Temperatures in the 80s this week have it feeling like summer, but fall color won’t wait for a cold front.

Trees are already showing orange, yellow and red hues in northwestern Minnesota, and starting this week the Minnesota Department of Natural Resources (DNR) will post weekly fall color reports on its website.

This should be a banner year, said Val Cervenka, who works in the DNR’s forestry division and provides the annual color forecast.

“For most of Minnesota, this fall’s color display should be rich and beautiful,” she said.

Warm, sunny days followed by cool but not frosty nights will trigger the color change, she said. The show typically peaks across the northern half of Minnesota between mid-September and early October. In the southern part of the state, the foliage usually hits its peak between late-September and mid-October. Peak colors normally last for about two weeks.

“Scenic road trips, harvest season, festivals and outdoor recreation make fall the second-biggest travel season,” said John Edman, director of Explore Minnesota, the state’s tourism bureau. “With weekly statewide fall color reports, we’re able to help travelers make the most of this special season.”

Updates every Wednesday

Staff from 75 state parks will file updates on the status of trees, wildflowers and grasses each Wednesday through the end of October, and will report their findings on a color-coded map showing the percentage of trees that have changed color. Slide shows of photographs taken by park staff and uploaded by visitors will accompany the map, which was viewed more than 500,000 times in 2017.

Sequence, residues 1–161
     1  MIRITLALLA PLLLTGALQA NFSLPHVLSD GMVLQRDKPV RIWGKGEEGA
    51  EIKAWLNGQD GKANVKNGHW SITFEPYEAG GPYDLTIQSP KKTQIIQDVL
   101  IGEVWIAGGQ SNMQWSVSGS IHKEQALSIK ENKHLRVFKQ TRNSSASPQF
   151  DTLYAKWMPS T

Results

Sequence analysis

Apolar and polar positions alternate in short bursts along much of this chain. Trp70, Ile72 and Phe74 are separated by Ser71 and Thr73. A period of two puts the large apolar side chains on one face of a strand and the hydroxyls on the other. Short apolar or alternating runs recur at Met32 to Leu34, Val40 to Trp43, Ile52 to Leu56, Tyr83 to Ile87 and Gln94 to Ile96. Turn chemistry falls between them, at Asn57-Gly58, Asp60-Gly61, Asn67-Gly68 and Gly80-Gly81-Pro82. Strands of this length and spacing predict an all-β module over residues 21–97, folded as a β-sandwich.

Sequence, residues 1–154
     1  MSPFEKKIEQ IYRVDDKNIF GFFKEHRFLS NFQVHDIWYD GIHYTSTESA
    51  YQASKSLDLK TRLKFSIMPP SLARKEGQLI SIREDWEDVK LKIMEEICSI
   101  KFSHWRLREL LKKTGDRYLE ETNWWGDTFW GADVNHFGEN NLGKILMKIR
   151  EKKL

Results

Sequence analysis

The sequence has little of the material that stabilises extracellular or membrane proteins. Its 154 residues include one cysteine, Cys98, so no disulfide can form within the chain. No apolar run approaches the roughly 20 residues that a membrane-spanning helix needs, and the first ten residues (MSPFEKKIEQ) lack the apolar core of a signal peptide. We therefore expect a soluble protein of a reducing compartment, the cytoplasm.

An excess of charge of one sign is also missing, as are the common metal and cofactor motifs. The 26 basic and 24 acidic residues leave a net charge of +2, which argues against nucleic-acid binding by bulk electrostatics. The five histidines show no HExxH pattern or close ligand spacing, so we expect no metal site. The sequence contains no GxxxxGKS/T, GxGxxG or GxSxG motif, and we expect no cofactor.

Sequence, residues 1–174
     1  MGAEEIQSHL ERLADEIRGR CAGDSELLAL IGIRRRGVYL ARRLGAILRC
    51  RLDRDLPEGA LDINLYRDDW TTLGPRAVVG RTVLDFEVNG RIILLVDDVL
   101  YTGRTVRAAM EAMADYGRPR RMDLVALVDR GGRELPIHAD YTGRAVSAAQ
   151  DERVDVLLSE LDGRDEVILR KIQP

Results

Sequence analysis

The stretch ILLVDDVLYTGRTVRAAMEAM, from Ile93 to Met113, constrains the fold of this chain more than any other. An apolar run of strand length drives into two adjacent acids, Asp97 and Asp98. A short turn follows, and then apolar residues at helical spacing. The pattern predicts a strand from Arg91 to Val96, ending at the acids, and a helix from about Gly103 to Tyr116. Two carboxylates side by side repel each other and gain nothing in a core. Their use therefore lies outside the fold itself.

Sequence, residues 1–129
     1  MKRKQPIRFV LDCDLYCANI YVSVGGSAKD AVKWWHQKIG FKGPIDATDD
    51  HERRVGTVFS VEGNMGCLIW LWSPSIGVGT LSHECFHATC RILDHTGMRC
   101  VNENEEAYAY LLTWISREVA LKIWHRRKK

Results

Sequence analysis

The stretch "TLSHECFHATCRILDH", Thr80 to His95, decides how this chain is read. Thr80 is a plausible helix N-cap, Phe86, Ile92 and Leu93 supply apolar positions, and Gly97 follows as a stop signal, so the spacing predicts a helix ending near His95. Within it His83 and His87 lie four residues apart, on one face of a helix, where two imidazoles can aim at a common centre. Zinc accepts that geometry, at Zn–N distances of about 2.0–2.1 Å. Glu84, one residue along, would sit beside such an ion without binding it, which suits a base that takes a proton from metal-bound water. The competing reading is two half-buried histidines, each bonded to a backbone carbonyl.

“It’s a helpful resource for people,” said DNR spokeswoman Amy Barrett. “It helps people get real time information as to what there is to see at that time in the parks.”

With colors ephemeral, the DNR has teamed with the tourism department to highlight festivals scheduled when leaves are expected to be at their most brilliant. That includes the Harvest Festival and Lantern Lit Hike Sept. 22 at Itasca State Park and Leaf Days celebration at Maplewood State Park Sept. 29-30 and Oct. 6-7. The park is one of the most beautiful places to view the bright shades of reds, Barrett said.

From events to hikes to scenic drives, the DNR and the tourism bureau’s joint effort will provide newsletters, e-mails, text messages and social media to help travelers plan their trips. Travelers also are encouraged to upload photos and share them on social media using the hashtags #OnlyinMN and #JustAddNature.

“It’s a reminder that all these resources to find fall color are available,” Barrett said. “It’s a short but a favorite season.”